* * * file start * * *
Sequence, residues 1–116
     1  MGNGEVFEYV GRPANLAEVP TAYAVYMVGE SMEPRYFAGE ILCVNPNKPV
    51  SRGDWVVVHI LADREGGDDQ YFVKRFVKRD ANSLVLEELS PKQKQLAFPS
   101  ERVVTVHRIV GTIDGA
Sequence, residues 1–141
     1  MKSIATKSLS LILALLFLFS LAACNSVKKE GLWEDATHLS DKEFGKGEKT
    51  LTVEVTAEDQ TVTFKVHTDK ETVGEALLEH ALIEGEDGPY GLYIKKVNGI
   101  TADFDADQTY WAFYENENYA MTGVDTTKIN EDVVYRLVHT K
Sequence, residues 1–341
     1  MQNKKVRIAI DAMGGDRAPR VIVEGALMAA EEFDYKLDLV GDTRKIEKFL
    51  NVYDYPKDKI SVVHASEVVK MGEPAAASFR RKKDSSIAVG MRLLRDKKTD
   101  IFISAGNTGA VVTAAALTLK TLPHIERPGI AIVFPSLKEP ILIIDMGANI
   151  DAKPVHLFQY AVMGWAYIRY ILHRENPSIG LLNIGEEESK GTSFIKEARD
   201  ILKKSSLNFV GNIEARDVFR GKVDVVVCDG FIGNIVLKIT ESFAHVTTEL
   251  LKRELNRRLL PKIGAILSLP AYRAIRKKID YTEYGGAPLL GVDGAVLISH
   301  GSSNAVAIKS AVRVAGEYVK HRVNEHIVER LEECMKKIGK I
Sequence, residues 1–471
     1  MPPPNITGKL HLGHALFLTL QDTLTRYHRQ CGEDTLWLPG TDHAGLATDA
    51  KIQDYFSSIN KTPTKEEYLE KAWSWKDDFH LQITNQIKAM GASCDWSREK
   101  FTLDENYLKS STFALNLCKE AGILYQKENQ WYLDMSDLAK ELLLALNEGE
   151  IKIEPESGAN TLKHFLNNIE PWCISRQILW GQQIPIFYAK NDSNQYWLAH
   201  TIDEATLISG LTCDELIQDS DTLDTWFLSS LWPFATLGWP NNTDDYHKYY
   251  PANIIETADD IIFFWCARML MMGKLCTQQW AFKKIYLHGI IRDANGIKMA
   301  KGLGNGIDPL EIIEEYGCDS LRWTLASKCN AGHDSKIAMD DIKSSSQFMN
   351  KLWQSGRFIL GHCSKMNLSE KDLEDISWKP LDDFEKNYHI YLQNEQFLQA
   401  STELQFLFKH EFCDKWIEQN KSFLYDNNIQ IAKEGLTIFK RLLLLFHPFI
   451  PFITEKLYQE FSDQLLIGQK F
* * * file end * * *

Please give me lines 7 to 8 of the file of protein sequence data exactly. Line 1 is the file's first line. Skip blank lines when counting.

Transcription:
    51  LTVEVTAEDQ TVTFKVHTDK ETVGEALLEH ALIEGEDGPY GLYIKKVNGI
   101  TADFDADQTY WAFYENENYA MTGVDTTKIN EDVVYRLVHT K